Obesity and Knee Replacement

Knee surgery is a common outcome for certain groups of people, including athletic and overweight patients. Obesity can take an extreme toll on the joint health of the knees, the hips and the spine. Following are a few facts to know about obesity’s impact on your knees and how it plays into knee replacement surgery.


Increased Force

Patients with knee problems are already experiencing discomfort and stability issues. Being overweight adds extra pounds of force on a sore joint every time your foot hits the ground. Keeping your weight in a healthy range is extraordinarily important for those with joint concerns.


This type of disease is a “wear and tear” arthritis and results after years of moving and shaking. Osteoarthritis develops at a faster rate when the patient is obese. This means that a replacement knee surgery could be needed sooner than you think.


For patients carrying the burden of extra weight, body motion is not always optimal. Routine activities like squatting, walking, and standing are sometimes difficult or require adaptation. As a result, a heavier individual might twist the knee when walking or place more pressure on another the knee due to the discomfort. This may throw off alignment, create additional force on joints, or create extra wear and tear on your already-vulnerable knees.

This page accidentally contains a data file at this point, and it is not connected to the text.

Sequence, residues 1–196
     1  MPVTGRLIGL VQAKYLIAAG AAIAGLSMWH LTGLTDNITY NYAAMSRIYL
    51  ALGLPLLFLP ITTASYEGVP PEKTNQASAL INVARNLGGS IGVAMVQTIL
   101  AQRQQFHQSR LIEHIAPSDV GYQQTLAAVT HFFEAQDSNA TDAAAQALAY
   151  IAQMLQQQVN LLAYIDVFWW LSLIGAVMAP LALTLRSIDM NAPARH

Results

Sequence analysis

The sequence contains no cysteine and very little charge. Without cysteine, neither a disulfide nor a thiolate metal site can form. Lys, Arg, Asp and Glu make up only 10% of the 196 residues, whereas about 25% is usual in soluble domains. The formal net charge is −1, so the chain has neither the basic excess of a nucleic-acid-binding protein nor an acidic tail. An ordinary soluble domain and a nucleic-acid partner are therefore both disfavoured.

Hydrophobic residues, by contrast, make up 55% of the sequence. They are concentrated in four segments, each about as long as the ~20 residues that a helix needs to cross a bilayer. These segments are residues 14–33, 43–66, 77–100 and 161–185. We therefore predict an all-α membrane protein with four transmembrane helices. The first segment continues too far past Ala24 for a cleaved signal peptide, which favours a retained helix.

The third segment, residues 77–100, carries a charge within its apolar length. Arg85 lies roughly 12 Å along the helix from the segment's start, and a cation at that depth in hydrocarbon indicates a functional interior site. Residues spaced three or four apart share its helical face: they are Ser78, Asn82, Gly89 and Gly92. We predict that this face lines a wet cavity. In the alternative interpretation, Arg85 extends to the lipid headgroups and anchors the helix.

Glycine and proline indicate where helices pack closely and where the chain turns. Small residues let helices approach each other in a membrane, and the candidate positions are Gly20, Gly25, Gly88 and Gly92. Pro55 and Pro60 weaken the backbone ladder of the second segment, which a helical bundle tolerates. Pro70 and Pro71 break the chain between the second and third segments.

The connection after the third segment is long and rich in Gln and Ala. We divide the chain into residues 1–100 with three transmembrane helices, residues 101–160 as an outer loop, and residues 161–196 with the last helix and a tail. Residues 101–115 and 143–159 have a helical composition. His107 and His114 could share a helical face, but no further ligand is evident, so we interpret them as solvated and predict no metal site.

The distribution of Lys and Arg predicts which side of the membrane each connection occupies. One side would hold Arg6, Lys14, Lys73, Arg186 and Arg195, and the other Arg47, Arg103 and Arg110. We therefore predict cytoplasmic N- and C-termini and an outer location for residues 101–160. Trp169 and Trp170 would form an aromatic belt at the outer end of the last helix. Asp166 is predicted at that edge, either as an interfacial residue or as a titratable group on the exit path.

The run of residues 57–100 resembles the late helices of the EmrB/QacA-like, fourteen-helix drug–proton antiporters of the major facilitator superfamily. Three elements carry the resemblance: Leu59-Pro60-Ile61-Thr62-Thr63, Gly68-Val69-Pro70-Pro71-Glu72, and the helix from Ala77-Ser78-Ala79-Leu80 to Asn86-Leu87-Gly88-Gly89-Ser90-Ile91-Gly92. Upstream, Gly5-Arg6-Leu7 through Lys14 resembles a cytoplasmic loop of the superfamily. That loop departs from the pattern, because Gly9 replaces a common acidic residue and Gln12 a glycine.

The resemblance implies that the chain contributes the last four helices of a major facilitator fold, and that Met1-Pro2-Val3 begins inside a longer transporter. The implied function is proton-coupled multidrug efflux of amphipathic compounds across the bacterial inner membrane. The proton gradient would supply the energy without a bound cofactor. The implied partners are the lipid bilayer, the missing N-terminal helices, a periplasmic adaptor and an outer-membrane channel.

Knee replacement surgery is generally an invasive procedure, but not one without risk. Obesity significantly increases the risk of complications during and after the operation. Blood clots, healing issues, cardiac events, and other major health problems occur more often in overweight patients than in their slimmer counterparts. Overweight patients may also experience problems with recovery and rehabilitation.

Obesity affects every part of your body, and certainly plays heavily into knee surgery. If you are carrying some extra weight, talk to your orthopedic and medical doctors to create a plan for you to become healthier.

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